As Jammu and Kashmir ceased to a full-fledged state with its bifurcation, a fact-finding team on Thursday said the scrapping of special status to the state was the "proverbial last straw that eroded" the hope for a "peaceful and just resolution" and demanded withdrawal army and para-military forces from civilian areas in the region.
The report 'Imprisoned Resistance - 5th August and its Aftermath' publicised by a 11-member team of activists, who visited Kashmir between September 28 and October 4, also claimed that the "freehand" given to the armed forces "by virtue of laws which allow for almost anything to do be done under the garb" of maintaining law and order has resulted in "absolute impunity".
The team demanded a probe into allegations of crimes committed by the armed forces, saying that the government cannot be seen to be allowing forces to commit "gross" human rights violations without them having to face any consequences. It also demanded Repeal the Jammu & Kashmir Public Safety Act 1978 and the Armed Forces (Jammu &Kashmir) Special Powers Act 1990.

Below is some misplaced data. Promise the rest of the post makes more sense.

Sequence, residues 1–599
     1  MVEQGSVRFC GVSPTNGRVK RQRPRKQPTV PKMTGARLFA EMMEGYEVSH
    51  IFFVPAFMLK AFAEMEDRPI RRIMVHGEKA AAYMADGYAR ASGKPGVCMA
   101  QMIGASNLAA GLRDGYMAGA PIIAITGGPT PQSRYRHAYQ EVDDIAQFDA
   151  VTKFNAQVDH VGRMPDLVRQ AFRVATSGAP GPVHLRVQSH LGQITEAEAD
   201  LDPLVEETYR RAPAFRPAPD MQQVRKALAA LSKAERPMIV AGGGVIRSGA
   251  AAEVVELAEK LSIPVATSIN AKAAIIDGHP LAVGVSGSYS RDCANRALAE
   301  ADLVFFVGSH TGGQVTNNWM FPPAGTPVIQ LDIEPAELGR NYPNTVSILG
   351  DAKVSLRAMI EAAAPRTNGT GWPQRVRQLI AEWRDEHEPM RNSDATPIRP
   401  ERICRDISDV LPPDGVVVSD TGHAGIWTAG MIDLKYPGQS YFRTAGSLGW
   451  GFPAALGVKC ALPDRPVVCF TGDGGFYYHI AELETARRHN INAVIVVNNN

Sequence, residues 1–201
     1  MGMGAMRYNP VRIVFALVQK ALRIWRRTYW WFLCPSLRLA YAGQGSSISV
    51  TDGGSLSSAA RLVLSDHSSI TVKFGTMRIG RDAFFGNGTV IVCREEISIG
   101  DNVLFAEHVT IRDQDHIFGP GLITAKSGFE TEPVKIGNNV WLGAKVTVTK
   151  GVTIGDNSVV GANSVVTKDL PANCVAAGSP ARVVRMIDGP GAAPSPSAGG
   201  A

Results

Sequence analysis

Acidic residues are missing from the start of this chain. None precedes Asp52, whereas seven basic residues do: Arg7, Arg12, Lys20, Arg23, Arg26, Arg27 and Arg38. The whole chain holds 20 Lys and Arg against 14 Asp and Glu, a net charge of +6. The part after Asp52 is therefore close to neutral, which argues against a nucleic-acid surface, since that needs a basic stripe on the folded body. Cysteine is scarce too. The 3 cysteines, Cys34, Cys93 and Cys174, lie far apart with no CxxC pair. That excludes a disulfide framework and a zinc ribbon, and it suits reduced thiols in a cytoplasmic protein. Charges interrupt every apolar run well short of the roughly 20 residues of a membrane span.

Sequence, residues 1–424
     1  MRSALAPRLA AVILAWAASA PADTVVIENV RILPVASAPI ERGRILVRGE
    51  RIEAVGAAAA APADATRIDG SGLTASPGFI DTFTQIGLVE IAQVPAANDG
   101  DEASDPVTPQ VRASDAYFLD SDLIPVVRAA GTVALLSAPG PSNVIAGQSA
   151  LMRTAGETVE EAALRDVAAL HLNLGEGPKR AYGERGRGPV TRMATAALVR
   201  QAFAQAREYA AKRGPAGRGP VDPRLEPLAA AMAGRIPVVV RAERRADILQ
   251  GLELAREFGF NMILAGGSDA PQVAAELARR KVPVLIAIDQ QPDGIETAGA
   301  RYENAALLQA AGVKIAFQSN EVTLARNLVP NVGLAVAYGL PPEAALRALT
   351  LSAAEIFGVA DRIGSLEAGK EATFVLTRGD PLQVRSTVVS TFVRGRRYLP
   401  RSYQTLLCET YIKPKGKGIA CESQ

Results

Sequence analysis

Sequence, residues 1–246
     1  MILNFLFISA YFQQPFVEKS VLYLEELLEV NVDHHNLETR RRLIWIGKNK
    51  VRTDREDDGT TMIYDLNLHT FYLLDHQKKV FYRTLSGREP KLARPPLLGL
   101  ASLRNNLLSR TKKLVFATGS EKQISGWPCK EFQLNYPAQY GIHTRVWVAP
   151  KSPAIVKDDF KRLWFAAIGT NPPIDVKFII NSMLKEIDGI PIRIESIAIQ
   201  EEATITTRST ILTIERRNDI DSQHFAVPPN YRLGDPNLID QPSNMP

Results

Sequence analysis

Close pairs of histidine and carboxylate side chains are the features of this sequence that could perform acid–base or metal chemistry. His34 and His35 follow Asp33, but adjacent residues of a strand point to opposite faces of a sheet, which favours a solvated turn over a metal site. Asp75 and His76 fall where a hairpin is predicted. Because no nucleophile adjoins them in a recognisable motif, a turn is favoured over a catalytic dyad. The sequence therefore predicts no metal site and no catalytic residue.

"People were clear that the political middle ground has been extinguished and that everyone was willing to face the might of the Indian State. This resolve has translated into the indefinite and complete people’s hartal. The hartal defines the political space of Kashmir today. The hartal represents people’s urge to take back control, the struggle for democracy and self-rule all in the face of the lockdown," the report said.
The team which visited Kashmir included Aarti Mundkur (lawyer, Bengaluru), Amit Sen (psychiatrist, New Delhi), Clifton D’ Rozario (All India People’s Forum, Bengaluru), Gautam Mody (New Trade Union Initiative, New Delhi), Lara Jesani, Veena Gowda and Mihir Desai (People’s Union for Civil Liberties), Nagari Babaiah (People’s Democratic Forum, Bengaluru), Ramdas Rao (All India People’s Forum, Bengaluru), Saranga Ugalmugle (lawyer, Mumbai/Goa), Swathi Seshadri (independent researcher, Bengaluru).
The report said the narrative that was presented by the government with the help of media was "far from the reality" and there has been a "determined, systematic effort" to portray a sense of normalcy in the valley to justify the "unilateral action of snatching the autonomy" the Kashmiri people had.
Travelling within Srinagar and other towns and within the valley has, for the most part, become a near impossibility unless people have access to a vehicle of their own, it claimed adding Jammu and Kashmir State Road Transport Corporation (JKSRTC) has suspended operations since August 5. "Only those with private vehicles are able to travel, that too with much difficulty given the barbed wires at multiple locations," it said.